The ides of March are come

Remember March, the ides of March remember:
Did not great Julius bleed for justice’ sake?
What villain touch’d his body, that did stab,
And not for justice? What, shall one of us
That struck the foremost man of all this world
But for supporting robbers, shall we now
Contaminate our fingers with base bribes,
And sell the mighty space of our large honours
For so much trash as may be grasped thus?
I had rather be a dog, and bay the moon,
Than such a Roman.

If you want to know more about the ancient Roman calendar, you can check out this page. The calends of a month (kalendae) were the first day of a month, thought to have originally been the day of the new moon. The ides of a month (idus) were thought to originally have referred to the day of the full moon. That was the 13th in 29-day months, but the 15th in 31-day months (which were only March, May, July, and October). The name of the month appears as an adjective agreeing with the day; idus is feminine, so the day is called idus Martiae, or, in the expression, cave idus Martias.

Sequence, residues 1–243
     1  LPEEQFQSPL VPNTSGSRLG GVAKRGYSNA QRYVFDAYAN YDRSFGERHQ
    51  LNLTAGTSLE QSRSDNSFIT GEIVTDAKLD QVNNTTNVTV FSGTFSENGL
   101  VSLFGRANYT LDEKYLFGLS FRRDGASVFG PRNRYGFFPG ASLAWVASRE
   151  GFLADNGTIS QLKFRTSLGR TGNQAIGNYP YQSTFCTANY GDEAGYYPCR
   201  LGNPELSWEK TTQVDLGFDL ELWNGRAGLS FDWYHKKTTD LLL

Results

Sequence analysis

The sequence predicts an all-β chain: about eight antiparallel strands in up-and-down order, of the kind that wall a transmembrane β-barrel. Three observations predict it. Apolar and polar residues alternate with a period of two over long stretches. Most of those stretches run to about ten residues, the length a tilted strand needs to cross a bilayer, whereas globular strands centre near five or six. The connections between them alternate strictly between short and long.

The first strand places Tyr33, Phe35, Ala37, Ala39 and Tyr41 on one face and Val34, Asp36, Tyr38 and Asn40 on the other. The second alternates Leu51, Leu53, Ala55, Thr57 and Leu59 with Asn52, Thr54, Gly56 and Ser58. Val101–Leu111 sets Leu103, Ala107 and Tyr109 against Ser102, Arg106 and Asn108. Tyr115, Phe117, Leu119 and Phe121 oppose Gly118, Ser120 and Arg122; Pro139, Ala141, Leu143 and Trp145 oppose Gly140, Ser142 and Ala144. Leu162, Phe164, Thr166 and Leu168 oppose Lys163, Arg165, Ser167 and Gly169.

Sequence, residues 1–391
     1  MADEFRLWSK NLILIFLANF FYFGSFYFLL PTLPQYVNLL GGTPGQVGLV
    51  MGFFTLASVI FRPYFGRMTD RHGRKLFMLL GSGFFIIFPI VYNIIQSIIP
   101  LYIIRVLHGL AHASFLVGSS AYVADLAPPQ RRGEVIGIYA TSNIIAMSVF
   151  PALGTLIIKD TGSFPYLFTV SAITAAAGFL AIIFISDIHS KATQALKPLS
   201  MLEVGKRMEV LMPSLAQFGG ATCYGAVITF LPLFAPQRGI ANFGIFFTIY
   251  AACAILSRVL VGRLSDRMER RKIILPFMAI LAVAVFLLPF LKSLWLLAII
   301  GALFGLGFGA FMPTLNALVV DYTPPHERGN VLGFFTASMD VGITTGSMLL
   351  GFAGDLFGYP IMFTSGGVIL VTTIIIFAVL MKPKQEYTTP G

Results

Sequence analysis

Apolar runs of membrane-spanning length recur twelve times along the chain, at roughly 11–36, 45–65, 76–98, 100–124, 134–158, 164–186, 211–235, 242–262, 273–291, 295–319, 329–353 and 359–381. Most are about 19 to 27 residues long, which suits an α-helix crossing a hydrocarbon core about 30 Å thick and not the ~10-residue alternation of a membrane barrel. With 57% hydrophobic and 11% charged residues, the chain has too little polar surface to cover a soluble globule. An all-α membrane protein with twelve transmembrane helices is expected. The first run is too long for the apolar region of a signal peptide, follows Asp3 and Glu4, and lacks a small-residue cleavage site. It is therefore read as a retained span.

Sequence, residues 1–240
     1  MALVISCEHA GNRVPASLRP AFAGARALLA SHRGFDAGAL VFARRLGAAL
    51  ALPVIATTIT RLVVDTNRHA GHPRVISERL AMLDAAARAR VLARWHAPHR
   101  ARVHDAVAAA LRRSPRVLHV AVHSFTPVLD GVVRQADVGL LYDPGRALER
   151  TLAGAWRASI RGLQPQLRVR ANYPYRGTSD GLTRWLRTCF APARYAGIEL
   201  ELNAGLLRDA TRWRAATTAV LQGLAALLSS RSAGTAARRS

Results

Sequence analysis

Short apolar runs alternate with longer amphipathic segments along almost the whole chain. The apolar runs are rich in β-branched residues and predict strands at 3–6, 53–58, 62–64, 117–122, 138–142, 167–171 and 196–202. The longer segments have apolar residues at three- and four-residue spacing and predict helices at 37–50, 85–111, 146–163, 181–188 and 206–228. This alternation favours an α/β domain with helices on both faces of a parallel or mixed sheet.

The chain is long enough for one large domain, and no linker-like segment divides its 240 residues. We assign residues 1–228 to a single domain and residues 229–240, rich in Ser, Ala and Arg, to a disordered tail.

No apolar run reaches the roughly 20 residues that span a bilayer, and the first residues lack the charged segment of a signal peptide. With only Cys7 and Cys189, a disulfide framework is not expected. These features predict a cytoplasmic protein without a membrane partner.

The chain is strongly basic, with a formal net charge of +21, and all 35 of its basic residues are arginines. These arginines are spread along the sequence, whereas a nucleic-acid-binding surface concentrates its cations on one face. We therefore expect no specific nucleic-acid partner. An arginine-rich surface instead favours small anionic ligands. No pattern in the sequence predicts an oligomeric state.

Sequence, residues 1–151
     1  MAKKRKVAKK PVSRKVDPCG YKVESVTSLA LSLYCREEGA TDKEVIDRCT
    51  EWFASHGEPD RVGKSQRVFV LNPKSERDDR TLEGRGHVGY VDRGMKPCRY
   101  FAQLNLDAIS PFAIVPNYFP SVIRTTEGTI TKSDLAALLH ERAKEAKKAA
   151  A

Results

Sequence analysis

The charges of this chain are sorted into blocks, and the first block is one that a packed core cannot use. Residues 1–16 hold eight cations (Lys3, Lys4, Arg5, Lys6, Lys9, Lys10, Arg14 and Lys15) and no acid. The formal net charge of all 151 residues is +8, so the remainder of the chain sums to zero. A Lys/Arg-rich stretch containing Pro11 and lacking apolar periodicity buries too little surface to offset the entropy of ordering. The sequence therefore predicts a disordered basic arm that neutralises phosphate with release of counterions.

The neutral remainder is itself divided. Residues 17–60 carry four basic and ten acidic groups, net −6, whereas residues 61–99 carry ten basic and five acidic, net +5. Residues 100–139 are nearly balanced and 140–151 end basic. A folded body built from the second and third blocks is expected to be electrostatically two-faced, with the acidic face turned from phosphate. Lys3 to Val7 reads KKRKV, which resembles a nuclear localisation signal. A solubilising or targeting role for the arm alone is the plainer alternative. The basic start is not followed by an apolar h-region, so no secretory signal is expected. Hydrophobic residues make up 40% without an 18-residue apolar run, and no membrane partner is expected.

No, Cassius, no: think not, thou noble Roman,
That ever Brutus will go bound to Rome;
He bears too great a mind. But this same day
Must end that work the ides of March begun;
And whether we shall meet again I know not.
Therefore our everlasting farewell take:
For ever, and for ever, farewell, Cassius!
If we do meet again, why, we shall smile;
If not, why then, this parting was well made.

Also, how about merging this with Pi Day and having the Pides of March?

Sasha Volokh lives in Atlanta with his wife and three kids, and is an associate professor at Emory Law School. He has written numerous articles and commentaries on law and economics, privatization, antitrust, prisons, constitutional law, regulation, torts, and legal history.

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